Switched Off

Today marks one month of no tv for the family and no devices for the younger kids. Supposedly the teens and I have reduced our phone usage to two hours. But I haven’t got a good handle on how that’s going yet. 

 

I decided that I had a tv/device habit that needed to be kicked. So, the tv has been removed to my husband’s shop and the devices are put away in a drawer. 

 

Things I have learned since turning everything off…

 

I have been seriously dependent on the tv to calm my kids down, entertain them, give myself quiet time, babysit them when I’m gone, and just basically fill any gap that pops up in our day. 

 

It has definitely helped me to be lazy in my parenting. 

 

Let me just state for the record, there have been seasons where tv has saved my life. Even the last season we just came out of, I don’t know how I would have done it without being able to turn the tv on. Our devices have been a motivational tool during this pandemic that have gotten us through a lot of school work and chores with minimal pain. Tv and devices are good tools. As long as you are controlling the tools and the tools aren’t controlling you.

 

I think what has mainly been the deciding factor for turning everything off this time (cause, yes, I’ve done this before), is that I want to change the culture of our home. I want us to have a reading culture. I want my kids to know how to get creative when they’re bored instead of just whining to watch a show. I want us to have family time in the evenings where we have devotions and read books and poetry out loud and do music together. And somehow, I had let the tv take over the house and we had lost those things. So, we’ve turned everything off. 

 

Mentally, it’s been a big adjustment. I am having to learn that instead of just sending everyone off to watch a show when they’re driving me crazy, I can send everyone to their rooms, or send everyone outside. In the evenings, instead of retreating to my room, I am learning to settle on the couch with a giant pile of books that we read out loud. During the day I am offering piano lessons to bored children, crafts, learning games, trips to the library. I am also trying to turn a blind eye to random forts and clubhouses that are popping up all over the house, toys littering my bedroom floor, kids digging around in my drawers cause they need paper to write a book or a play.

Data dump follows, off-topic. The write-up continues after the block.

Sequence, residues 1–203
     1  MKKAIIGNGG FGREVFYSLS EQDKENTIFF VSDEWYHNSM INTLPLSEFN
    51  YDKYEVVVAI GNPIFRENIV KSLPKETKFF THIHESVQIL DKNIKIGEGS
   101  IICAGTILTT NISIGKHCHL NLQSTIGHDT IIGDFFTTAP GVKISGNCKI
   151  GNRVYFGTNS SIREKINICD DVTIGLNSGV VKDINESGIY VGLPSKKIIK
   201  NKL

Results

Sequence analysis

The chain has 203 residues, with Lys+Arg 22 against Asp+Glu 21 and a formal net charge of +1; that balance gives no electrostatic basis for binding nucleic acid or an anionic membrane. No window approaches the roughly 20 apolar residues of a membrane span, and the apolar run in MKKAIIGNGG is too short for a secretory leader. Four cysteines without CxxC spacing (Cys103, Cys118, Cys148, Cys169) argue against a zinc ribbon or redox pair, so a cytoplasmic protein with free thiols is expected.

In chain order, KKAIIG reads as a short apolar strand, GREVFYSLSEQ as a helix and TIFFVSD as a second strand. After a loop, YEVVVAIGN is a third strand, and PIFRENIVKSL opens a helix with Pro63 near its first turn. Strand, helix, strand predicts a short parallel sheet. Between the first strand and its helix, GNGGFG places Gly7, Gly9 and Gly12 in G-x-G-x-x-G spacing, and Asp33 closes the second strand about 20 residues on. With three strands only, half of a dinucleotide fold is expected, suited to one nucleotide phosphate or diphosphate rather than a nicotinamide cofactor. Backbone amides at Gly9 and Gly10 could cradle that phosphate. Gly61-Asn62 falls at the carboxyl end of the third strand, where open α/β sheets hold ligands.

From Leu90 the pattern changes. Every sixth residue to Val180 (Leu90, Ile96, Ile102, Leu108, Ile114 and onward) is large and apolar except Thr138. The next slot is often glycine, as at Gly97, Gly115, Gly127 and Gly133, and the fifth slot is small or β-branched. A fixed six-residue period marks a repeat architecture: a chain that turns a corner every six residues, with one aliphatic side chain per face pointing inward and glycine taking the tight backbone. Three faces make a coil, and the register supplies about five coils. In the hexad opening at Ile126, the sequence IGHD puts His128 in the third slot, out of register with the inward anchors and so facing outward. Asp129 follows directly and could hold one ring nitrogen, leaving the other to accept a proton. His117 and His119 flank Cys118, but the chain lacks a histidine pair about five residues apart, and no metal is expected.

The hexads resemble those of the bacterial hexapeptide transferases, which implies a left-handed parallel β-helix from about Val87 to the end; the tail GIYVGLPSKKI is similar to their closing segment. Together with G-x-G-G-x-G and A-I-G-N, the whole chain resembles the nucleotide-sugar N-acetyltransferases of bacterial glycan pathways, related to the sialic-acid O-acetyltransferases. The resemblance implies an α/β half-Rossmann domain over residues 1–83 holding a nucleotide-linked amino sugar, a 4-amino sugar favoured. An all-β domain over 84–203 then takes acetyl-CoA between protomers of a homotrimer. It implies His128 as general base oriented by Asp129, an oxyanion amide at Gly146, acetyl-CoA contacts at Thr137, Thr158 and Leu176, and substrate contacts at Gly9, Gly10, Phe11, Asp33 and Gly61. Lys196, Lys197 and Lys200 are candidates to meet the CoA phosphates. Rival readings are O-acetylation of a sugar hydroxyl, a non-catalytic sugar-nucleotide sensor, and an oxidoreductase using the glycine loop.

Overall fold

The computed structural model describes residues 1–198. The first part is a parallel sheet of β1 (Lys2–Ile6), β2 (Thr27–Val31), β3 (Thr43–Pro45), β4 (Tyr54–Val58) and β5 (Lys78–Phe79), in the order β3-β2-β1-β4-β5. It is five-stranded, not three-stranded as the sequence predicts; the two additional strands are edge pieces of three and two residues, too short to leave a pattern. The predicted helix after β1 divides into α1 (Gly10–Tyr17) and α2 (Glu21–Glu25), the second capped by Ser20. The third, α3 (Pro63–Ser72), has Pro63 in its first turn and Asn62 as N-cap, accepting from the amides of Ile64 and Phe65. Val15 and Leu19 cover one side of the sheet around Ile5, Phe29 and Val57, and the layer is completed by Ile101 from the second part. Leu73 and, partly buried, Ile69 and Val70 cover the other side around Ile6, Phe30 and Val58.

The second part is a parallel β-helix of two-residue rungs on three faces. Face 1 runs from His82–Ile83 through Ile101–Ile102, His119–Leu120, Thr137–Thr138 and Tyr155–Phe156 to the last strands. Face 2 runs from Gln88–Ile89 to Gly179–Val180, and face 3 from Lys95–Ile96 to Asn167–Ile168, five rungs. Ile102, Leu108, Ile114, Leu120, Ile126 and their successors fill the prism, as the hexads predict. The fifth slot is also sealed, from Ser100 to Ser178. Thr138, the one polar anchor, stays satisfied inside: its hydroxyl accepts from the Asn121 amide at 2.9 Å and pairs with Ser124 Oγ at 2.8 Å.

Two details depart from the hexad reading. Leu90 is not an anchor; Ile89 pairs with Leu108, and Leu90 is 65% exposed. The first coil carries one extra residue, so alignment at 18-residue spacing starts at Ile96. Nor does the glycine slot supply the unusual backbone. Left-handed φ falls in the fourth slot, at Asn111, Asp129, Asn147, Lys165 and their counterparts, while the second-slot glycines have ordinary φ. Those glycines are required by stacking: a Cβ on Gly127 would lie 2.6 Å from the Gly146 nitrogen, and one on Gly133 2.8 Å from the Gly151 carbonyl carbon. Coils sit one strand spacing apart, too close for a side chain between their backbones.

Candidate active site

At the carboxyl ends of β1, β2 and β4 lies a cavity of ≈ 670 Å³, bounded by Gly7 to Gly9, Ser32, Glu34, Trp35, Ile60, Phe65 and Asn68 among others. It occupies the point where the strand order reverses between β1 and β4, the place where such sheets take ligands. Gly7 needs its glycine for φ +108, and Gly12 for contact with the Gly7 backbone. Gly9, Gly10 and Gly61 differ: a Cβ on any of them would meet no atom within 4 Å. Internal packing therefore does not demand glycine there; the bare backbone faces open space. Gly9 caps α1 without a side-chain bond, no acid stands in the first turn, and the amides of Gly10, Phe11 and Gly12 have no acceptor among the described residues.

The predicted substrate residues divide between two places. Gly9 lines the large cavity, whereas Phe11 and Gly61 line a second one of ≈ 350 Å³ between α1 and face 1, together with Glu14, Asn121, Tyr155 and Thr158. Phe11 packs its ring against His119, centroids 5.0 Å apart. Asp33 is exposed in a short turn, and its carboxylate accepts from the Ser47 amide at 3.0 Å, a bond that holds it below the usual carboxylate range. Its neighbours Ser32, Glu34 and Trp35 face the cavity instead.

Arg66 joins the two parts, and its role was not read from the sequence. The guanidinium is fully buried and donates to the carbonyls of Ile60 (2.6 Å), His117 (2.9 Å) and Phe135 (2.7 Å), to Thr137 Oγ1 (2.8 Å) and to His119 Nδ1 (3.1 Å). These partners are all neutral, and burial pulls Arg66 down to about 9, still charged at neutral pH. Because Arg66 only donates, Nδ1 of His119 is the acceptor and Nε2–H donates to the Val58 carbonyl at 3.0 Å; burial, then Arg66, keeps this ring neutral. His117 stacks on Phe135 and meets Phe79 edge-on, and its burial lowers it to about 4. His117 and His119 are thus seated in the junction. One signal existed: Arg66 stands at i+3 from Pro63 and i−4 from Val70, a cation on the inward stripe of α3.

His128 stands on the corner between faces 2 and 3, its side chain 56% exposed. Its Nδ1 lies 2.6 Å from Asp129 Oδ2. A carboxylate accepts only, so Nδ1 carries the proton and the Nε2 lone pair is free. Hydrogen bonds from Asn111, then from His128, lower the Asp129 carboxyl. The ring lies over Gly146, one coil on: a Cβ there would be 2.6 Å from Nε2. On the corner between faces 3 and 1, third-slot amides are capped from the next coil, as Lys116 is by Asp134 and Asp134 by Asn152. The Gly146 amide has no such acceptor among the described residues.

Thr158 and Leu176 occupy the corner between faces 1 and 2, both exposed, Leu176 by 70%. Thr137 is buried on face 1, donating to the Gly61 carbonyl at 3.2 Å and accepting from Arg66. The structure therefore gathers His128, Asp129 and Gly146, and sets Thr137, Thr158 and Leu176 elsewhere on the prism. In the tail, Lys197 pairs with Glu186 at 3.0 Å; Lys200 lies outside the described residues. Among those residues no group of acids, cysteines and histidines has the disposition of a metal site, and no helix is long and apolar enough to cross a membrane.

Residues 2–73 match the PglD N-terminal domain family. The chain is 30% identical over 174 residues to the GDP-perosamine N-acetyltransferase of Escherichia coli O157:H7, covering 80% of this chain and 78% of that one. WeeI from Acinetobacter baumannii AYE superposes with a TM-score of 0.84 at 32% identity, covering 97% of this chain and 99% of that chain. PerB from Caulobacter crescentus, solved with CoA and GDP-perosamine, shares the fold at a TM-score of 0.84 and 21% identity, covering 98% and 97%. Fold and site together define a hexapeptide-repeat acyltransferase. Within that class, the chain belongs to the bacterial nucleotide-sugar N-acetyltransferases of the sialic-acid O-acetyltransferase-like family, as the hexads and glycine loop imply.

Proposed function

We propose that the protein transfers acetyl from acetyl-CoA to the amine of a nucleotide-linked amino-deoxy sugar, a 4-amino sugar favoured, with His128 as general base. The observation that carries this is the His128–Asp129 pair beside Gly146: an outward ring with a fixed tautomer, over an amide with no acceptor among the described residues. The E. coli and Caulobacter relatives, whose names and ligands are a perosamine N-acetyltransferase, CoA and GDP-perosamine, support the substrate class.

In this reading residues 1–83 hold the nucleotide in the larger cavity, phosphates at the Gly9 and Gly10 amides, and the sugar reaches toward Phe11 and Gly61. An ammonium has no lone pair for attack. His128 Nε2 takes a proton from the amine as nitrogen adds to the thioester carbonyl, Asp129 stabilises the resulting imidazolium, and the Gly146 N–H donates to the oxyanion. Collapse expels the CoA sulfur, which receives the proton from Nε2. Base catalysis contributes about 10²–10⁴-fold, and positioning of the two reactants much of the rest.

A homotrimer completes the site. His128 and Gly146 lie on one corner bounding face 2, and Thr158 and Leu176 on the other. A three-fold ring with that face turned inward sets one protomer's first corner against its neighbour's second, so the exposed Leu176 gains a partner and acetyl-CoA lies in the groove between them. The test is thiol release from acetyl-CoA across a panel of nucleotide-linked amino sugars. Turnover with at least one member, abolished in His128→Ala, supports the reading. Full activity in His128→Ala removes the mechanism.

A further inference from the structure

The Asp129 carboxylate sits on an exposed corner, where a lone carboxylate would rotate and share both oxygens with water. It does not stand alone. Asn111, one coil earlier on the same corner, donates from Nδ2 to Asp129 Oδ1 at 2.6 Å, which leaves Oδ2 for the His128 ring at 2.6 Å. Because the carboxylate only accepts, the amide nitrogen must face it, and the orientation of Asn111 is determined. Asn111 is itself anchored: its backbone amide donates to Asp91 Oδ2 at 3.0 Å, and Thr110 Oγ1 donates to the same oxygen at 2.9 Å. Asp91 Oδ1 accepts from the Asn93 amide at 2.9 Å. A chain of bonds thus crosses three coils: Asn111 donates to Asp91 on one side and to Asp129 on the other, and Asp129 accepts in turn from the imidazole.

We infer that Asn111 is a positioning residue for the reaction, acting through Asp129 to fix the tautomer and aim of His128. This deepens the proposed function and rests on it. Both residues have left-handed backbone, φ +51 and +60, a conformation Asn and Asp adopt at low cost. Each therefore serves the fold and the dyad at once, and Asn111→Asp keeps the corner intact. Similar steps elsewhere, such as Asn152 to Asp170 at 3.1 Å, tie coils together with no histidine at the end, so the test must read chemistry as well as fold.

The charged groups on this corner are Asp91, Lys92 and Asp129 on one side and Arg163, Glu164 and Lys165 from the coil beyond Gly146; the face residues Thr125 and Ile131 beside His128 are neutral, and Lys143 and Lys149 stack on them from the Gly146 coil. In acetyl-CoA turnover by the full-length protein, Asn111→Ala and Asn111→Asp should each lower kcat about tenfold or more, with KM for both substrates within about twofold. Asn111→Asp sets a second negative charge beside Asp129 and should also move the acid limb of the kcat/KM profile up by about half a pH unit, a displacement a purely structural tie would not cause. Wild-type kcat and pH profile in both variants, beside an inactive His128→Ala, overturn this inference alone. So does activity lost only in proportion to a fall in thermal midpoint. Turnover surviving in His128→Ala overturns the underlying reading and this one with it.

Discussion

Honestly, I think turning the tv off has hurt me the most, not the kids. I have to be more engaged. Put up with more chaos. Deal with more messes. 

 

But, overall, we’ve had good results. 

 

My five and seven year olds have been keeping a list of all the books they’ve either read themselves or had read to them, and they are close to 100. The older kids have significantly increased the number of books they’re reading. My older boys have gotten very creative with their legos. My nine year old wrote a play. The three year old is sitting with books, pretending that he is reading, pointing at the words, making up the story as he goes. And, best of all, all the kids are desperately anxious for school to start. Me too. 

 

I told the kids we would do this for four months. We’ll see how it goes. 

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